PART 5, FINAL
>Another follower of Tarrant’s ideology was arrested on July 16 in Kiev, the Security Service of Ukraine (SBU) reported. During a special operation against the "radical neo-Nazi center", law enforcers seized the flags of the Third Reich, weapons, a printing press and mysterious stacks of books wrapped in paper.
>Separately, the SBU showed a seized Russian passport. At the trial court on June 19, the owner of these items became known - this is 31-year-old Alexander Skachkov.
>He was born in St. Petersburg, lived in the Krasnoselsky district and, before moving, participated in the "Zenith" football fan movement, the BBC found out. In the same social network, he praised "CSKA" footbal fans for the "Moscow Skinheads" - the song by "Kolovrat" band, the same name was included in the federal list of extremist materials.
>In 2014, at the height of the war in the Donbass, Skachkov moved to Ukraine, took the call sign “Peter” and joined the Organization of Ukrainian Nationalists (OUN) banned in Russia. As part of this battalion, borrowing the name from an underground organization of Soviet times, he fought with pro-Russian militants from the "Donbas republics".
>“He was a disciplined and very ideological fighter,” the commander of the battalion Nikolai Kokhanivsky told the "Zaborona" publication. “He fought with us until February, then he was seriously wounded and never returned to service.”
"Skachkov did not return to St. Petersburg - in 2019, the court deprived him of the right to housing in the Krasnoselsky district. In Kiev, Skachkov buy a dog, got married and opened an online store of Nazi paraphernalia and literature.
>It was he who was invited to contact the telegram channel "Brenton Tarrant Boys" (2.5 thousand participants) for the acquisition of an Australian manifesto. In 2019, this channel threatened reporters covering the activities of the extreme right in Ukraine. Their photos were hung in the forest and shot.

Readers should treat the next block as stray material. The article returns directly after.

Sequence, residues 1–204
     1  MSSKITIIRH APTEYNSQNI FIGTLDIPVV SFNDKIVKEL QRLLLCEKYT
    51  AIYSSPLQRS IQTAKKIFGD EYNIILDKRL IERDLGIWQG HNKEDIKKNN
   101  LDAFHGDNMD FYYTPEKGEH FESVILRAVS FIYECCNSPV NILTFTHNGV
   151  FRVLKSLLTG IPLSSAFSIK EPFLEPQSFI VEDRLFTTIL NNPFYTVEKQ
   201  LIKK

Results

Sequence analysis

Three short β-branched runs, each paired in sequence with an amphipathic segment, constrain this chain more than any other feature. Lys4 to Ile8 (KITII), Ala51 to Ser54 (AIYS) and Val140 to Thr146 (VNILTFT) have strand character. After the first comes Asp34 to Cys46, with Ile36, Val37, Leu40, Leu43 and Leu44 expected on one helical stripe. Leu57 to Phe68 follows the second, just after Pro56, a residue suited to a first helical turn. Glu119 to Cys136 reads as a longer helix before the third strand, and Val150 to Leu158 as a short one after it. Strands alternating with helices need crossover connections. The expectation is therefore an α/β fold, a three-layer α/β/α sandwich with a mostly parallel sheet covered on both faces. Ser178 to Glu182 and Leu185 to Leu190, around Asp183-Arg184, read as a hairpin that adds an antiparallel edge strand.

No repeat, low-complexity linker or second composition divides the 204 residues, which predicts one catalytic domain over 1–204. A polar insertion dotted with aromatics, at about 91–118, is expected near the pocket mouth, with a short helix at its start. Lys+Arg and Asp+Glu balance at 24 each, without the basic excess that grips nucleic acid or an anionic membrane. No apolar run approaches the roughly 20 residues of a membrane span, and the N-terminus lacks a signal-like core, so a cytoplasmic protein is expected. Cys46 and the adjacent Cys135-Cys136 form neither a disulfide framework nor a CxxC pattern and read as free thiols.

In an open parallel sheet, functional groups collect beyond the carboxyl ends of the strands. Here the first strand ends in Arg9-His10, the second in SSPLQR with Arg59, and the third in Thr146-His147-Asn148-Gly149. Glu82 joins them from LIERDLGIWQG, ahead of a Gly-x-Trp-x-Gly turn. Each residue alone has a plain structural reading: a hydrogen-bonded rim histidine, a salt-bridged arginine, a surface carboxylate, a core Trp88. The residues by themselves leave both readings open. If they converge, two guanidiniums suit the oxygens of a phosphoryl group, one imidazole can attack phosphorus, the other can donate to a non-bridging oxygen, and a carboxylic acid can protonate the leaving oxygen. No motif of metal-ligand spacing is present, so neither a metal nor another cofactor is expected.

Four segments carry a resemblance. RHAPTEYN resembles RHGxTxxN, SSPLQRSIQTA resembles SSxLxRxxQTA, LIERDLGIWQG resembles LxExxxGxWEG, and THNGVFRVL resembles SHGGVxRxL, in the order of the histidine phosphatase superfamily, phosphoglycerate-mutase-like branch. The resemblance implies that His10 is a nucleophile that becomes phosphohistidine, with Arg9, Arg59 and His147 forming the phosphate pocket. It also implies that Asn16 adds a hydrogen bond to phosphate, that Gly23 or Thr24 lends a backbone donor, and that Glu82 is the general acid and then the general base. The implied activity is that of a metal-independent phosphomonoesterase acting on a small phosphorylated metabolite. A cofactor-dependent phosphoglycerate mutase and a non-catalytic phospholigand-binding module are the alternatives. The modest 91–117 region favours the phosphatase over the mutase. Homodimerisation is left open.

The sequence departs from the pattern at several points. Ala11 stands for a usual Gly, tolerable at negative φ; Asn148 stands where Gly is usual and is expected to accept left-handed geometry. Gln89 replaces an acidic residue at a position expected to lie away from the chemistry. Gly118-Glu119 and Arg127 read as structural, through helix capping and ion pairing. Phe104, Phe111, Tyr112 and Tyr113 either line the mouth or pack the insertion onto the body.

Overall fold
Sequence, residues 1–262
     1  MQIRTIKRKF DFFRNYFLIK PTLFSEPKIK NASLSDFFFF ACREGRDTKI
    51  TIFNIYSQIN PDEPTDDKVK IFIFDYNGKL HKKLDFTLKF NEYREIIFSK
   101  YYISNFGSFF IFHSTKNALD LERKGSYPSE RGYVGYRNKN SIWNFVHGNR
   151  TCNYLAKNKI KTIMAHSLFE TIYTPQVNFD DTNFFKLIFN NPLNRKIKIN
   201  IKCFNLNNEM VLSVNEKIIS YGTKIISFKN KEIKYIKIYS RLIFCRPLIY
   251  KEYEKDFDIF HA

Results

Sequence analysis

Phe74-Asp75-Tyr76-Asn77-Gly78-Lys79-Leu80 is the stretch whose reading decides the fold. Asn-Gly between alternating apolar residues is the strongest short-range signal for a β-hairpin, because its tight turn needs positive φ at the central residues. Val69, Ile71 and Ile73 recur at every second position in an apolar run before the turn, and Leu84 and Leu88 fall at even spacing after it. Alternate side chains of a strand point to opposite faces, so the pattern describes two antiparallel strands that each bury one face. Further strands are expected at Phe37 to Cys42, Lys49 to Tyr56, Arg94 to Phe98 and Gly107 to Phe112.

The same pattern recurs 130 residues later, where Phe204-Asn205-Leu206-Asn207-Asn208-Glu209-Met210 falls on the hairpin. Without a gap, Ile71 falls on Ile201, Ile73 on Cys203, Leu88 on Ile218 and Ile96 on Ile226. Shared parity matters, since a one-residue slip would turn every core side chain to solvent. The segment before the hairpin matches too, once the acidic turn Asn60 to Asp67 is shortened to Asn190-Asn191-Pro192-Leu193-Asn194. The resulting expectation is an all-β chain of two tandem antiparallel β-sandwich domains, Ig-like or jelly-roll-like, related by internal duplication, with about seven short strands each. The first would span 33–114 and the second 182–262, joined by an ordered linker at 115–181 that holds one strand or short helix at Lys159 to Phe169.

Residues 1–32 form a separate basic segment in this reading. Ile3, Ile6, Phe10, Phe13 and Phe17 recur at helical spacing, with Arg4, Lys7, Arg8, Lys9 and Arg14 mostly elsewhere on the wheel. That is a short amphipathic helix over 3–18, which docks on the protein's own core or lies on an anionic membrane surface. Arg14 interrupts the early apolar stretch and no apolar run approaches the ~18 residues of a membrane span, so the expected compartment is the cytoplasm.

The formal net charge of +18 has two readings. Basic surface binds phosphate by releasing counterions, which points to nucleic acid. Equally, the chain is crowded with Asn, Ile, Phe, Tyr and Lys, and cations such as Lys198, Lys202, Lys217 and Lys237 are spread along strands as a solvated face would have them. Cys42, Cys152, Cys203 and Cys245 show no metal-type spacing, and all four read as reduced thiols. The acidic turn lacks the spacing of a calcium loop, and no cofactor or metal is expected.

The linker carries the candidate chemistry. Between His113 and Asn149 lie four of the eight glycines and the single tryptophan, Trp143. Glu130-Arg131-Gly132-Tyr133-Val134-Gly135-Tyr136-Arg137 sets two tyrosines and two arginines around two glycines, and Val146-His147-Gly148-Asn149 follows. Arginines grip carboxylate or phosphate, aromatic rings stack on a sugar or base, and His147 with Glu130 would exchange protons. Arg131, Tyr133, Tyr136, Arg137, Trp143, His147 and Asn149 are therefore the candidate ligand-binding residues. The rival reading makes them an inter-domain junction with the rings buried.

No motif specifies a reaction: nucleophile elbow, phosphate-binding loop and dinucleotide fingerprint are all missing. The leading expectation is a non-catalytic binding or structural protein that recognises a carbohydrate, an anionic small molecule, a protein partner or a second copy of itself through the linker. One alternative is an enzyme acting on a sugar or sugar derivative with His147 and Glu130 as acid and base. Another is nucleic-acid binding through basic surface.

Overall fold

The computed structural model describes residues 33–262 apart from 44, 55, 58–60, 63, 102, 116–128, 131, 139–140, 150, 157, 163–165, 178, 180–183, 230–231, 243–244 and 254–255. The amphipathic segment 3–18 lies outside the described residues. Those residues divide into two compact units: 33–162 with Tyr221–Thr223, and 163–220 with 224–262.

>Could Skachkov be one of the administrators of this channel? "Bellingcat Anti-Equality Monitoring project" researcher Aleksey Kuzmenko, one of those threatened by Tarrant’s followers, notes strange parallels: “The leader of the OUN [battalion in which Skachov fought] distributed a link to the Tarrant’s channel literally in the first days or weeks of its existence "Today, his organization supports Skachkov, as does the Tarrant telegram channel that continues to operate."
>According to Kuzmenko, in Ukraine, Skachkov is not "a foreign element, but part of an active, aggressive, extreme right-wing environment with impunity, which is actively building ties with groups in other countries."
>Journalist Michael Colborn, writing about the extreme right for "Bellingcat" and other publications and also receiving threats, believes that so far the SBU has not provided enough information to draw conclusions about the identities of the people behind the channel.
>"We still do not know about the role of the Ukrainian Les Chernyak [previously suspected of killing Ukrainian policemen] - his name was mentioned in the extreme right Ukrainian chats as the channel administrator. Was he arrested? And were there any other arrests in this case?" - interests Colborn.
>Shortly after Skachkov’s arrest, two neo-Nazis were about to set fire to a synagogue in Odessa. The SBU detained suspects on time, one of which, according to intelligence, "arrived in Ukraine after a long stay in the Russian Federation."
>"Tarrant’s lads" immediately wrote on the account that one of the administrators of Hitler_Himself (“Hitler in person”) was hacked. "If you had correspondence with him, then urgently delete them!"
>On March 26, 2020, Brenton Tarrant pleaded guilty to all 92 counts.
>They plan to announce the verdict after the end of the coronavirus epidemic.